Politics, Public Opinion, and Privatization in France: Assessing the Calculus of Consent for Market Reforms

By Durant, Robert F.; Legge, Jerome S., Jr. | Public Administration Review, May-June 2002 | Go to article overview

Politics, Public Opinion, and Privatization in France: Assessing the Calculus of Consent for Market Reforms


Durant, Robert F., Legge, Jerome S., Jr., Public Administration Review


With perceptions of government overload, fiscal stress, and maladministration pandemic worldwide, proponents of administrative reform have embraced the privatization of state-owned enterprises (SOEs) as a major component of the New Public Management (Peters 1996). These efforts are viewed by proponents as among the best ways to diminish the inefficiencies and bureaupathologies they associate with public ownership of key industries (Ingraham 1997), especially when these industries must compete within the global economy (for instance, the telecommunication, airline, and oil and gas industries). These pathologies include monopoly, hierarchy, permanence of structure, and constraints on administrative action (Zahariadis 1995; Bernier, Bedard, and Petit 1996; Peters 1996; Durant, Legge, and Moussios 1998).

Importantly, the movement toward denationalization of SOEs is not the exclusive domain of conservatives bent on cutting the size of the public sector or unfettering multinational corporations. Even political parties associated in the past with nationalizing industry (such as the Socialists in France, the "old" Labour Party in Great Britain, and the Partido Revolucionario Institucional in Mexico) are increasingly forced to embrace government "load shedding" in some form (Perotti 1995; Benz and Goetz 1996; Gabel 1998; Kaufman and Zuckermann 1998). All do so in response to the globalization of markets, the terms of political or economic integration of regions (cutting deficits to acceptable levels for entrance into the European Union under the Maastricht Treaty, and becoming competitive under the North American Free Trade Agreement in the Western Hemisphere), and pressures from international lending institutions to invigorate their economies (such as the World Bank and the International Monetary Fund).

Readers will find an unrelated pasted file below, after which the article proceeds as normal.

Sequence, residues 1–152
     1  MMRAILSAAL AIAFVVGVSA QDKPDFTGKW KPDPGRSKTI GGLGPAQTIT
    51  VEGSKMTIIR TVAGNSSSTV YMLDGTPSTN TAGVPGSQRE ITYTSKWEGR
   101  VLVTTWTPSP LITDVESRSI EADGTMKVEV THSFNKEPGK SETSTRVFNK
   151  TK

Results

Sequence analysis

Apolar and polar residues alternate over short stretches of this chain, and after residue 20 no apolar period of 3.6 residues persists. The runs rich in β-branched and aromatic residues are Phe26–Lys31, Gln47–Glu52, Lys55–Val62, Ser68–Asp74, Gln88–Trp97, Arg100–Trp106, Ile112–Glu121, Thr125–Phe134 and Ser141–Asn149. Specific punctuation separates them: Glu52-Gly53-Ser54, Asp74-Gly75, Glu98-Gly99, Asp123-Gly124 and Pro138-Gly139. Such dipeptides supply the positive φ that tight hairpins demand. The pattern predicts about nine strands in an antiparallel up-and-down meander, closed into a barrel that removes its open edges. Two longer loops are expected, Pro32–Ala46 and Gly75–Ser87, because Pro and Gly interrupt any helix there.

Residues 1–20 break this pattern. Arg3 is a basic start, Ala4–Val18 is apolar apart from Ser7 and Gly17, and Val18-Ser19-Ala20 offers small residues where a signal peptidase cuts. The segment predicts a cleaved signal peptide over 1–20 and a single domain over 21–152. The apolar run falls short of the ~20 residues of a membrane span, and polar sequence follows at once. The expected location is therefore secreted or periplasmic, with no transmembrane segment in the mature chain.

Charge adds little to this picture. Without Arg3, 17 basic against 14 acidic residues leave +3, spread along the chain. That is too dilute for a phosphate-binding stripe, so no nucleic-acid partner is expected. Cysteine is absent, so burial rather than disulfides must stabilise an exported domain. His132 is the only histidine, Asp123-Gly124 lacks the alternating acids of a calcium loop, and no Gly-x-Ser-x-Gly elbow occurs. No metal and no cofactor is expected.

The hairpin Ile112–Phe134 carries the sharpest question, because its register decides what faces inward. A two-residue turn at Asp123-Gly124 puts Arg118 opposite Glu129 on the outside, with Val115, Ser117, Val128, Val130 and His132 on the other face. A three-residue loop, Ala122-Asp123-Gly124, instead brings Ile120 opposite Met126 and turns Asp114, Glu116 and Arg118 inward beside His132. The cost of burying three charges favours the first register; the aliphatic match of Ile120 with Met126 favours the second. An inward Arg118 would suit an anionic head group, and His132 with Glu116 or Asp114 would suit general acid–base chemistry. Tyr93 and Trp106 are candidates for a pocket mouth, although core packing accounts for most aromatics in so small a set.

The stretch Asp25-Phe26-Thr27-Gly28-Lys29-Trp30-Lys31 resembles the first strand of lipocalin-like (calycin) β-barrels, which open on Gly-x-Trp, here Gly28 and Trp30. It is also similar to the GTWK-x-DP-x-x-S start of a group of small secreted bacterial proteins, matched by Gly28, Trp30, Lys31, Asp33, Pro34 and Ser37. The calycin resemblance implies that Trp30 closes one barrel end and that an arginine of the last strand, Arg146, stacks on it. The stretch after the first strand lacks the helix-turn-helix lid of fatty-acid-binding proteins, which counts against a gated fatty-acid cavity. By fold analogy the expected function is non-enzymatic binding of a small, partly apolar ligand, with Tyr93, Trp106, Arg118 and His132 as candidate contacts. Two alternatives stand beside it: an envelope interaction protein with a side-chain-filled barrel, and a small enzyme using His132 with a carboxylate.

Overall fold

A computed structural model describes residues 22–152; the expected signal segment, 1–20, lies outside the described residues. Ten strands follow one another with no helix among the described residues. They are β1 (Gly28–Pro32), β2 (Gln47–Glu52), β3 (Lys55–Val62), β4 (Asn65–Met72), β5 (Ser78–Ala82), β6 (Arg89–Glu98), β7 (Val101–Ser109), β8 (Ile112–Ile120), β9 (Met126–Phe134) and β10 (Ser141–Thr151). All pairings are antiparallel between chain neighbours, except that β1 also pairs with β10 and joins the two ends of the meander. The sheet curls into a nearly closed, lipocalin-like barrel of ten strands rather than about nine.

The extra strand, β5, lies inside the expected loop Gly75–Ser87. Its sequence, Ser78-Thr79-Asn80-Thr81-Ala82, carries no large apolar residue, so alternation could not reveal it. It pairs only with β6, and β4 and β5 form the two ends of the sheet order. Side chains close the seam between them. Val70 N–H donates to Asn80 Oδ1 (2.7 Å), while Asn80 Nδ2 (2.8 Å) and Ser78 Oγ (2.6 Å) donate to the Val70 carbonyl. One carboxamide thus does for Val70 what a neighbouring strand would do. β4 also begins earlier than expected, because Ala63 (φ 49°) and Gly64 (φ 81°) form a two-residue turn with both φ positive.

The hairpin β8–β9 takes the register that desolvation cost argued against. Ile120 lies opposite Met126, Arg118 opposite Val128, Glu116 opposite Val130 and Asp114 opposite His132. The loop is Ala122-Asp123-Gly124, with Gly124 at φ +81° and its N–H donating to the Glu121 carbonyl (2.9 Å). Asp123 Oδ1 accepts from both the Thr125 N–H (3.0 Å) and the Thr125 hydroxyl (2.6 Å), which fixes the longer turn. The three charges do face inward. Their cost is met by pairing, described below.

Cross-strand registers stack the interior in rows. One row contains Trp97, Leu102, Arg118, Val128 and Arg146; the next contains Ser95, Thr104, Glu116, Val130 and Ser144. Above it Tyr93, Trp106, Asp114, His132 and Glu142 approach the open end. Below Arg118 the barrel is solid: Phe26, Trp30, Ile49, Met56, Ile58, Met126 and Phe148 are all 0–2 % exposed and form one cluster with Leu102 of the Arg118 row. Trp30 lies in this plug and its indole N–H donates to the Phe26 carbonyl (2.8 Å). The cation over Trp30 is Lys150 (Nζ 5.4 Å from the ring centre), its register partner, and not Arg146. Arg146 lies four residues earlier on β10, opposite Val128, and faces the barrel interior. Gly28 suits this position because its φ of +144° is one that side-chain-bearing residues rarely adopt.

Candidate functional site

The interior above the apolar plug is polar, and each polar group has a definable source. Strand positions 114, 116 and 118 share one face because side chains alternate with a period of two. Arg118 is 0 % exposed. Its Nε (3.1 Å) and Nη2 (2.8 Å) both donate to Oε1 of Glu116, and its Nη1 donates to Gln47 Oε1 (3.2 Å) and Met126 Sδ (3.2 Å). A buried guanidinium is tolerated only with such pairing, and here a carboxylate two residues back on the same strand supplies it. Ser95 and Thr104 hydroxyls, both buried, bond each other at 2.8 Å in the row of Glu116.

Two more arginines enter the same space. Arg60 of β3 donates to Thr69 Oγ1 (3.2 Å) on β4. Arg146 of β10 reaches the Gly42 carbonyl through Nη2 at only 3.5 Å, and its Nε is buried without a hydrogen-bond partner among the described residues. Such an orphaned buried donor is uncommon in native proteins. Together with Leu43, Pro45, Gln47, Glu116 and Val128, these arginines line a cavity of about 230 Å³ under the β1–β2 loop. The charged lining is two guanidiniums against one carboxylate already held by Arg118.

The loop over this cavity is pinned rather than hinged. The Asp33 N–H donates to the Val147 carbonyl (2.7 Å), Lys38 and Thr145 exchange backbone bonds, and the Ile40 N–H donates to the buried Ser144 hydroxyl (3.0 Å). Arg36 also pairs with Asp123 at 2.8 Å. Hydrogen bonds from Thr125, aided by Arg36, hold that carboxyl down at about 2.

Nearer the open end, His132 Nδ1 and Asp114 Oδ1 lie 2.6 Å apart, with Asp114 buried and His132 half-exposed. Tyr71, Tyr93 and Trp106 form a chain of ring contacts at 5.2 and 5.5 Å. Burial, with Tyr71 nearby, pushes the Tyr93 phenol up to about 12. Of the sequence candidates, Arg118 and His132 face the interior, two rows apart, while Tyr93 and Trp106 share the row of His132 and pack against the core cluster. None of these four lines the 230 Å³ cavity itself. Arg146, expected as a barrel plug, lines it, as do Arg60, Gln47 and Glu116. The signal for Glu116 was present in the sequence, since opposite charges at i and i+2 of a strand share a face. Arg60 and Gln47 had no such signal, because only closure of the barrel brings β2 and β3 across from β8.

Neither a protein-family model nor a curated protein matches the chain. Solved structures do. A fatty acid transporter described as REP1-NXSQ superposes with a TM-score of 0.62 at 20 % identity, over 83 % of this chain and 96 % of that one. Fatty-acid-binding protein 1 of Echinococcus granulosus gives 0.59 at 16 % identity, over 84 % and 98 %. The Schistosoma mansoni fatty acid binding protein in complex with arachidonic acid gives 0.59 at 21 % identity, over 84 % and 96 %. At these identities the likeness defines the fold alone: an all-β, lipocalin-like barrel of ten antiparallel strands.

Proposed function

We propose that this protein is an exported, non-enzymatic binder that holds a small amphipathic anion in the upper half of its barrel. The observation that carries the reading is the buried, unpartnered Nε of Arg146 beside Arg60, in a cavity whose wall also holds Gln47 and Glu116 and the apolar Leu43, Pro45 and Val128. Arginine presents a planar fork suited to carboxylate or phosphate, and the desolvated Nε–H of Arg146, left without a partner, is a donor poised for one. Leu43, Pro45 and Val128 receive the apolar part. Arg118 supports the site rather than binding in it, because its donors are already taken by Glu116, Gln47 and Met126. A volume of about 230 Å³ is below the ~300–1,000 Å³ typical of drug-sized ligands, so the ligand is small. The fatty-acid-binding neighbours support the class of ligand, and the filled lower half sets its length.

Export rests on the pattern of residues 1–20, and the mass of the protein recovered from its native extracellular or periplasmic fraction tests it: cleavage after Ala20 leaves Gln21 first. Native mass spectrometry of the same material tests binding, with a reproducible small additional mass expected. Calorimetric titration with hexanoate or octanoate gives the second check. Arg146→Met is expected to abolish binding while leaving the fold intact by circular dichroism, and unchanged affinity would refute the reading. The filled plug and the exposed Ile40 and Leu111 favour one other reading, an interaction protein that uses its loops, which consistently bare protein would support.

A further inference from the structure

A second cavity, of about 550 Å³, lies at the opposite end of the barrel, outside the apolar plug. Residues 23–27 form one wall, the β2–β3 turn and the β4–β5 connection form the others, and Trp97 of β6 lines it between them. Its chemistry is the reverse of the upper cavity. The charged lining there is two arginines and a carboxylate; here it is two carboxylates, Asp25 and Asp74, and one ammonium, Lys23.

While the allure of privatization can be substantial, so too are the anxieties that the denationalization of SOEs can occasion. Formerly symbols of national pride and grandeur, privatizing SOEs can evoke nostalgia among citizens for bygone eras. Moreover, the threats and realities of lost jobs through downsizing and relocation can be chilling to many citizens. In these instances, the burdens and benefits of privatization often are perceived as falling disproportionately on different segments of society. At the same time, former SOEs can fall under the control of nationals unsympathetic to the aims of the government in power. Even worse as a blow to national pride, former SOEs and private firms may fall under the influence of foreign nationals, capitals, or money markets when sold or exposed to international market forces of globalization.

Nor has it yet been demonstrated compellingly that such risks are worth taking. Some researchers find little difference between the performance of public and private enterprises operating in the same economic sector (Eckel and Vining 1982, 1985; Borins and Boothman 1985). Others find the gains in profitability that devotees of privatization expect (Boardman and Vining 1991; Bhattacharyya, Parker, and Raffiee 1994; Martin and Parker 1995), but others attribute similar gains less to ownership or market exposure than to overall economic performance (Dunsire, Hartley, and Parker 1991). Still other scholars assign greater importance to the level of competition involved (public or private), the stringency of environmental regulations encountered, and differences in managerial quality and entrepreneurship (Borins and Boothman 1985; Vickers and Yarrow 1988; Roberts 1992). Finally, other work indicates that nonmarket values (such as service quality) can suffer appreciably before true competition arises and while price controls are put in place. This tends to occur unless performance measures on these dimensions are reported publicly (Durant, Legge, and Moussios 1998).

In light of these findings, how do citizens feel about privatizing SOEs in their countries, how do they arrive at these judgments, and do these opinions vary among different segments of the public? …

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Politics, Public Opinion, and Privatization in France: Assessing the Calculus of Consent for Market Reforms
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